Monday, February 8, 2010

Recent Trends in Solid State (LED) Lighting

The acceptance of Light Emitting Diodes (LEDs) as the preferred lighting device continues to grow in all sectors throughout our country, but especially in municipalities. U.S. cities are seizing upon LEDS as a viable strategy to “Go Green”, particularly in applications where low maintenance is more important than lower initial costs.

According to an article entitled “U.S. Cities Go Green with LEDs”, in the Optical Society of America’s (OSA) February issue of Optics and Photonics News (OPN), cities as well as public and commercial institutions are demonstrating the use of LEDs to realize long term cost savings and reduce pollution in the operation of traffic lights and street lighting. Although LED’s are still more expensive than fluorescent lights, their initial costs are offset by their higher efficiencies and longer lifetimes. Maintenance costs to replace failed lighting are very expensive in street lighting and traffic lights. And LED’s don’t usually “fail suddenly”, like incandescent and fluorescents. When they begin to fail their light production usually drops about one-third, which means that there is more time to schedule and coordinate repairs.

James Brodrick, manager of the DOE’s solid state lighting program, claims that the use of high efficiency LEDs could reduce U.S. energy consumption for lighting by over 30% in two decades, which would eliminate the need for 44 power plants generating 1000 megawatts each, and cut the equivalent of 47 million automobiles’ greenhouse emission. LEDs are also more efficient in outdoor lighting because they are more directional and can be applied where they are needed. The clean, uniform lighting provided by LEDs also improves visibility.

All new traffic signals now use LEDs, which provide a cost savings of approximately $48/year, due to reduced maintenance and the fact that LEDs produce the desired colors, rather than having a broad band source that has to be filtered, like fluorescents and incandescents.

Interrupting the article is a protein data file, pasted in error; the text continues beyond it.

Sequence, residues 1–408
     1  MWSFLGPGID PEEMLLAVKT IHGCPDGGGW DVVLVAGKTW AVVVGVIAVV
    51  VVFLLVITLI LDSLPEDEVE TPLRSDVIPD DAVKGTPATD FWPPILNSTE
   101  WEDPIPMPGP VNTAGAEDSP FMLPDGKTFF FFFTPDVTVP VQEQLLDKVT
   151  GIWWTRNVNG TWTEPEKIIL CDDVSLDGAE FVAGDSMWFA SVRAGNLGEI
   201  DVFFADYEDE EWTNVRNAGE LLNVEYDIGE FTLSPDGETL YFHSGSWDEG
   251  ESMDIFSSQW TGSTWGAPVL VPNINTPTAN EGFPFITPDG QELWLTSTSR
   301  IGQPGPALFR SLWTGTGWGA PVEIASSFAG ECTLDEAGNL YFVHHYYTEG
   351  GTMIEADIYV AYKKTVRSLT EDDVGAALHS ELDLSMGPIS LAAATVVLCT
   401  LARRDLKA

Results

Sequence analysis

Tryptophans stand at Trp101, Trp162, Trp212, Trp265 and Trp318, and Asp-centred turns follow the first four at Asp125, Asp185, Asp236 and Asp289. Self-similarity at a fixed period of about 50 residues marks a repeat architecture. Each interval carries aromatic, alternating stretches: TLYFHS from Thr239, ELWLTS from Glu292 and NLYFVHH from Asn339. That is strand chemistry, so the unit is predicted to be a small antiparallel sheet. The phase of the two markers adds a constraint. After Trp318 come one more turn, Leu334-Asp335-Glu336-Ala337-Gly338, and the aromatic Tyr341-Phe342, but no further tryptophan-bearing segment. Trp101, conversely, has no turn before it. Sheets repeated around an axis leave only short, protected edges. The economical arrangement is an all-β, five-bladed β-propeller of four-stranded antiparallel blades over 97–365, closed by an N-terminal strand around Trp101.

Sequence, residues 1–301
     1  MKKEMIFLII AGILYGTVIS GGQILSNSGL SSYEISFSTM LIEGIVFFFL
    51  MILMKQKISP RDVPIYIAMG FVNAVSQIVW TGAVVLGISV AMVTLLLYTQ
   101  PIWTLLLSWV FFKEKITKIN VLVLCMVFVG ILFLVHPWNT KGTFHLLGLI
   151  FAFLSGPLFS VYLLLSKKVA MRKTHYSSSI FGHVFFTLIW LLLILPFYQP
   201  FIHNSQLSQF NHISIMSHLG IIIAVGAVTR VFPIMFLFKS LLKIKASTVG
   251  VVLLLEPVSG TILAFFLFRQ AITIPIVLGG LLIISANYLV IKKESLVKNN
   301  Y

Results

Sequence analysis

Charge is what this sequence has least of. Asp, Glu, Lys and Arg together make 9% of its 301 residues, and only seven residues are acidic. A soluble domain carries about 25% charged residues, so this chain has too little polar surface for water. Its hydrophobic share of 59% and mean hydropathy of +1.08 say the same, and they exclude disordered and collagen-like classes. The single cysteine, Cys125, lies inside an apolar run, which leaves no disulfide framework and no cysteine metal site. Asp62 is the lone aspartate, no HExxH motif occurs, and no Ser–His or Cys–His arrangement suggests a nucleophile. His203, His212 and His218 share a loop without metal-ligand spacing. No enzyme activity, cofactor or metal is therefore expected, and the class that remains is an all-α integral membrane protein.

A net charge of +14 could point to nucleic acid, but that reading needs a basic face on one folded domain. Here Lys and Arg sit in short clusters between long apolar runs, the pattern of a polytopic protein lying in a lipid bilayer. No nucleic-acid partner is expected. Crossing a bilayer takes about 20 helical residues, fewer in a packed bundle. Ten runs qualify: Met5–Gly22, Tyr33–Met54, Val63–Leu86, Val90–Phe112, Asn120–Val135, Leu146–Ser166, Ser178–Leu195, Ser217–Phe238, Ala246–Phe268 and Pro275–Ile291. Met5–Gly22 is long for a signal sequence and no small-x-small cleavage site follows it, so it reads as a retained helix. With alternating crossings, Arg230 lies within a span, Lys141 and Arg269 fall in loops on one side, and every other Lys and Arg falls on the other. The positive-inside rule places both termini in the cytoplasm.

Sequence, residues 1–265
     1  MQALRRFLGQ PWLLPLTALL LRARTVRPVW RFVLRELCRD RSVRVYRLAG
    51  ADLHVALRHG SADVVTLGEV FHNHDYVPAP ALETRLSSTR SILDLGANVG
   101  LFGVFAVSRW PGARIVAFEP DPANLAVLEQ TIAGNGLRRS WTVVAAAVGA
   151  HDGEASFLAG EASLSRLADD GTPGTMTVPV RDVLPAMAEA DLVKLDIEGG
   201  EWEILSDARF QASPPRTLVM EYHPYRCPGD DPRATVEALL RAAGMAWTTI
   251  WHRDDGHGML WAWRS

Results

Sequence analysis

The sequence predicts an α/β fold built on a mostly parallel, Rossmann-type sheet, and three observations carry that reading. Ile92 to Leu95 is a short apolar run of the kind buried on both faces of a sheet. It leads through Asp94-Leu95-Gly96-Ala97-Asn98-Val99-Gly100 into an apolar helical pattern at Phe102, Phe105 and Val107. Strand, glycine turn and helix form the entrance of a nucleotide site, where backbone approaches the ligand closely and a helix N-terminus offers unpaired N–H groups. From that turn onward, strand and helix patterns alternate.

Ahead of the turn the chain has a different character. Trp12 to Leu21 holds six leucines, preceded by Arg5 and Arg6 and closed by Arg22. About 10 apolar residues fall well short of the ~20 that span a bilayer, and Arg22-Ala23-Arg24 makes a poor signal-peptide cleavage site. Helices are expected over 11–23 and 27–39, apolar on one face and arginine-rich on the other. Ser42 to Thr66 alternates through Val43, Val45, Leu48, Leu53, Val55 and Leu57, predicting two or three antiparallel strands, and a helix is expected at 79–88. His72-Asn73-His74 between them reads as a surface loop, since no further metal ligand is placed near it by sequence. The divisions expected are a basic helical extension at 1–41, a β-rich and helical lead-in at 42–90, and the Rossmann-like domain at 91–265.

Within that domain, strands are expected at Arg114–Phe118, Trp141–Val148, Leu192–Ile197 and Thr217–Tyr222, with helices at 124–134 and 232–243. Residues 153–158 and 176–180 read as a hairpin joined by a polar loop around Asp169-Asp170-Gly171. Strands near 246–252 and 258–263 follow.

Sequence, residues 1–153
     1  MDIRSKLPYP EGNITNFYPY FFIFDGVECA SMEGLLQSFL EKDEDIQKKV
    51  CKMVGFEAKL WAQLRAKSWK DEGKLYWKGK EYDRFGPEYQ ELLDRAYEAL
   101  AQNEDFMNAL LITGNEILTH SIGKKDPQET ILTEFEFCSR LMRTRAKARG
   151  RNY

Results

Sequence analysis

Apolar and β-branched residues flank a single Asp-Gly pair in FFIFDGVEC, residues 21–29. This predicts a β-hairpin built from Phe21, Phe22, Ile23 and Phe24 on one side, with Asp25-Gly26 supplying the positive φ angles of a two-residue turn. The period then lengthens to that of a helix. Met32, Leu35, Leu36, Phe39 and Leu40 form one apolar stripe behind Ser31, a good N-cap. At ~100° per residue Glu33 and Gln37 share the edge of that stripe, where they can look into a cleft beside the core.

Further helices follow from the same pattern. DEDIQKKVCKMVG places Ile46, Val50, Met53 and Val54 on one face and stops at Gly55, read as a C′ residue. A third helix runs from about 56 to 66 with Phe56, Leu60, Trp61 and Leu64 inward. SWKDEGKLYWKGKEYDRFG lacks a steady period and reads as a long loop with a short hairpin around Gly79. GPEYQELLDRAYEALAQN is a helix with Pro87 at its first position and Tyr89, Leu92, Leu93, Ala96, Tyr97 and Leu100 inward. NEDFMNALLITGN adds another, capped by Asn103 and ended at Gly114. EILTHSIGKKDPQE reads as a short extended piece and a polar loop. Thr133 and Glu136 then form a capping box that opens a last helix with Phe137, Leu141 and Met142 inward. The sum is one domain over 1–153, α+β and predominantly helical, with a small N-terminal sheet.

The DOE is encouraging the use of LEDs by funding municipalities and educational institutions for demonstration and test sites. (Visit http://www.ssl.energy.gov/ for more information.) The OPN article, cited above, describes several successful examples of DOE-funded initiatives.

LED use is also growing in home use, particularly in outdoor lighting. But the cost and reluctance to switch to a somewhat different lighting effect have delayed widespread use like municipalities have experienced. “The Energy Independence and Security Act of 2007, which set efficiency standards for light bulbs, is also helping to promote LED use. Traditional incandescent bulbs do not meet the standards that go into effect in 2012”, Brodrick said. “By 2020, advanced incandescents will fall below the standards as well. Only CFLs and LEDs are likely to meet the 2020 standards.

OP-TEC continues to follow LED technology advances in lighting, in order to anticipate the need for new technicians in this field. So far most of the production and installation jobs appear to be at
the craft level.

Questions or comments? Please contact us!

Click here to read the full OPN article, "U.S. Cities Go Green with LEDs."

Click here to visit the DOE's Solid State Lighting website.

4 comments:

Mike Qaissaunee said...

Dan,

Have you seen the stories of LED traffic lights that have been obscured by snow. Apparently, the heat from traditional traffic lights was sufficient to melt the snow, but obviously that is no longer the case with LEDs. Some proposed solutions that I've seen include retrofitting the lights with a clear dome to prevent snow from accumulating.

Here's one story describing the problem:
http://www.engadget.com/2009/12/17/led-traffic-lights-dont-melt-snow-do-cause-accidents/

Best regards,
Mike Qaissaunee

Dan Hull said...

I have also seen comments about this problem. Adding a dome sounds like one possible solution. Do you know if this has been tried? And whether it worked?”

Mike Qaissaunee said...

From http://www.autoblog.com/2009/12/16/unintended-consequence-of-technology-new-led-traffic-lights-can/

Municipalities around the country are taking different steps to keep their signals shining brightly in the face of Mother Nature. Crews in St. Paul, Minnesota, use compressed air to keep their lights clean. In Green Bay, Wisconsin, city workers brush the snow off by hand in a labor-intensive process. Until a fix arrives, it is best to take the advice of Dave Hansen, a traffic engineer with the Green Bay Department of Public Works. Treat a blocked signal as if the power is out. "If there's any question, you err on the side of caution," says Hansen.

and from http://ledinsider.wordpress.com/2010/01/08/led-streetlights-in-snow-need-plastic-cover/

The solution is to install clear plastic, convex covers on the streetlights

Anonymous said...

Organic light emitting diodes (OLEDs) provide another solution in displays and home lighting.

Andrew